Storytelling - Which Type Are You?

Last night, we had a big group of photographers over for Christmas cookies, cider, and punch. Merry times were had by all, but when everyone left, Erik passed out of exhaustion, and the kitchen was semi-clean again, I was left sugar-high and unable to sleep. I did what I've done since childhood when I can't sleep, which is to replay my favorite stories in my head, to move my favorite characters into new storylines, to imagine it all playing out differently and then imagining it playing out exactly as it already had.

I started thinking about why I loved some stories and why I had absolutely no interest in some stories that everyone else seemed to love. And it broke down to a very simple concept, which I'm sure is not new. In Googling, the concept is certainly one that's been talked about by writers and readers. But we never discussed it in all my English classes at JMU, which is kind of a shame because I love the idea. Stories are either plot-driven or character-driven. And I think people naturally favor one over the other. 

It's kind of why you might be able to watch the same romantic comedy archetype over and over again but be entertained every time. Because you haven't seen THESE characters fall in love yet. Your husband/boyfriend/whoever can say "you KNOW how it's going to end" and he'll be absolutely right, but it doesn't matter because it's a story about characters not plot.

Me, personally, if you follow this blog or know me at all you probably already realize I'm a character lover. It's why, as crazy as Lost may have become, I was on board 100% from pilot to finale, because I adored those gritty, complicated characters. And I think Lost proved to TV writers that a lot of people enjoyed that complexity because there's been an explosion of stories with fascinating, dubiously moral characters since then.

Every story I love has rich, complicated, authentic characters. By authentic, I mean authentic to who THAT person is. The beauty and wonder of Breaking Bad is that every step of Walter White's dissent into BAD is believable. When this high school teacher decides to start a meth lab, we think YEAH that's a great idea, if I were you I'd do exactly the same thing! Because his character is so well-established and his rationale is so true to who he is. That's why I love Walter White, Dr. House, Sawyer, John Locke, Miss Parker, Claire and Jamie Fraser, Severus Snape, Dexter and Deborah Morgan, every woman in Orange is the New Black. 

I think this obsession with character stories is why I don't love movies as often as I love TV shows. I think movies have more of a tendency to be plot-driven with a beginning, middle, end. And when a story is so focuses on getting to that end, a lot of times the character development is lost along the way. The main characters fall in love for no reason at all, they just start kissing because he's a guy and she's a girl and that's just what happens. And I can't bring myself to buy that. Erik and I were watching Edge of Tomorrow last weekend and while it was pretty decent (for a PLOT-BASED story! :P), I literally groaned when the main characters kissed after knowing each other for one day. Just, no. That didn't make sense for either character.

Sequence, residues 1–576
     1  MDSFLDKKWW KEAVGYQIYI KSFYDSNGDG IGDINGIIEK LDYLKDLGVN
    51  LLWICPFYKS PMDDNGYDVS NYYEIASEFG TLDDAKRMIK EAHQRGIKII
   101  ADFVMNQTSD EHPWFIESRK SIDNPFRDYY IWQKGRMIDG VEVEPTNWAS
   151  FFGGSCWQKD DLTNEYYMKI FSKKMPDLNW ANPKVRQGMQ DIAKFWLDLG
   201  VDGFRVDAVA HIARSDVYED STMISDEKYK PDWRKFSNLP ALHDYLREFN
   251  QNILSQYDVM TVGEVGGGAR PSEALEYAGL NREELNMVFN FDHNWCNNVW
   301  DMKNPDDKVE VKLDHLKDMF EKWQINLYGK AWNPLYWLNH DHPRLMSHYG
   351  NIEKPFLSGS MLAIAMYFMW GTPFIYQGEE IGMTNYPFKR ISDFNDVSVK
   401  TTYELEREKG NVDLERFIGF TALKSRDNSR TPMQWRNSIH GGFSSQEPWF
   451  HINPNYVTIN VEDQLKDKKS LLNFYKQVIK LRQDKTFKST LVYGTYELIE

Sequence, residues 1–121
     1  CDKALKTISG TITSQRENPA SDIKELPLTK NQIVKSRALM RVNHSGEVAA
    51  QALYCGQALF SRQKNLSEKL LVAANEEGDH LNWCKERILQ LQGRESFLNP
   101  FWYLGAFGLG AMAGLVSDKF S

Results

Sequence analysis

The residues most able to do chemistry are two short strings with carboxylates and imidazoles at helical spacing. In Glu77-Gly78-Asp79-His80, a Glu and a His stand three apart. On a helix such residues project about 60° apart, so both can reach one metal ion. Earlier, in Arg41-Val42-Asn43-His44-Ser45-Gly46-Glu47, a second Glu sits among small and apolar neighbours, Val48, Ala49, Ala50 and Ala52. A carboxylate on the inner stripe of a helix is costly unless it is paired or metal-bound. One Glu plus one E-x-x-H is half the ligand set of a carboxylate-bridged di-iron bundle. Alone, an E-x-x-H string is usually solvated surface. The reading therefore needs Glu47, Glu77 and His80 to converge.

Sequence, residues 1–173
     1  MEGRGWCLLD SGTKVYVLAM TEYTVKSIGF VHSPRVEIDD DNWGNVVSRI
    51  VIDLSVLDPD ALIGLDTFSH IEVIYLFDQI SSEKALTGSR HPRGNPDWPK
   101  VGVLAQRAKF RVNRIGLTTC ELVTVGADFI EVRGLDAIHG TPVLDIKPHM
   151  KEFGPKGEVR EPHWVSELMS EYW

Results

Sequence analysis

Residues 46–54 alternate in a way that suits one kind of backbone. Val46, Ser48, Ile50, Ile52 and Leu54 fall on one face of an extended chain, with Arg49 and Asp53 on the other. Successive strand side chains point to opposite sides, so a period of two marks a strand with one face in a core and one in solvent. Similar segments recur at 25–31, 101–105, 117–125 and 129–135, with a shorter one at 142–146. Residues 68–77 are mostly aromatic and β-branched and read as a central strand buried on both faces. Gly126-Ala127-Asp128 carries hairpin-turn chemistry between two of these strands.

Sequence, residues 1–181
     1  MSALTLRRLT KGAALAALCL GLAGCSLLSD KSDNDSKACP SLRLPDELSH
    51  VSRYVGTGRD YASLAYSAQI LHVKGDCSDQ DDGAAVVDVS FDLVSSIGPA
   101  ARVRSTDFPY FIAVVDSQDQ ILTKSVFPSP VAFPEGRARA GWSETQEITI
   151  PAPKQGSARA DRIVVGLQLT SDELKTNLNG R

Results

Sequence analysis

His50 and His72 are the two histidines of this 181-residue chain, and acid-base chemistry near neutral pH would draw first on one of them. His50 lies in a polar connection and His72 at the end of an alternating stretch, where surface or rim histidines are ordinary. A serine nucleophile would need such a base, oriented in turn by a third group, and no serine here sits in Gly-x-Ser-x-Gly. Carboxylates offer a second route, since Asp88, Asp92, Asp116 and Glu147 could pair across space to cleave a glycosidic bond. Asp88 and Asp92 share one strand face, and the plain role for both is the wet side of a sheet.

But there are great stories that are plot-driven. Game of Thrones comes to mind. Yes there are  lots of characters, but that's exactly why the character development can only be but so much. There are SO many characters to establish that you can't go as in-depth into them all. That story is based on the twists and turns of plot, the sudden murder of _____, the changing sides of _____. It's called Game of Thrones because it's about this strategic game everyone is playing. And people watch because they need to know WHAT HAPPENS NEXT. 

If you like the CSI, Law & Order, mystery-solving type shows, those are plot-driven. Old-fashioned whodunnit style which people have loved for ages.

I think the magical stories are the ones that are equally propelled by plot and by character. They're the ones that so many people love because it appeals to both preferences. It's easy to identify these for me because Erik leans toward plot stories while I love the character ones. 

Harry Potter is a great example. Strong characters who act like they should within a strong, important plot. Breaking Bad, the first TV show that Erik and I BOTH loved. Lord of the Rings (which I actually personally don't love as much as the rest of the world, and I think that's because it's huge lack of female presence makes it really hard for me to relate or care about any characters... so actually maybe LOTR is not a great example). Dexter, where our main character is this sympathetic serial killer who could be caught at any time by his police detective sister who's trying to solve his crimes. Outlander, whose main characters are probably the most realistic couple I've ever seen portrayed in a story, who fight, disagree, and yet perfectly complement one another without losing their own selves. There's always this simultaneous adventure occurring that keeps you in suspense and keeps the stakes of the story high. 

So which type are you? Plot or character? What are your favorite stories and how do they connect to that idea? I'm feeling academic today, can you tell? ;)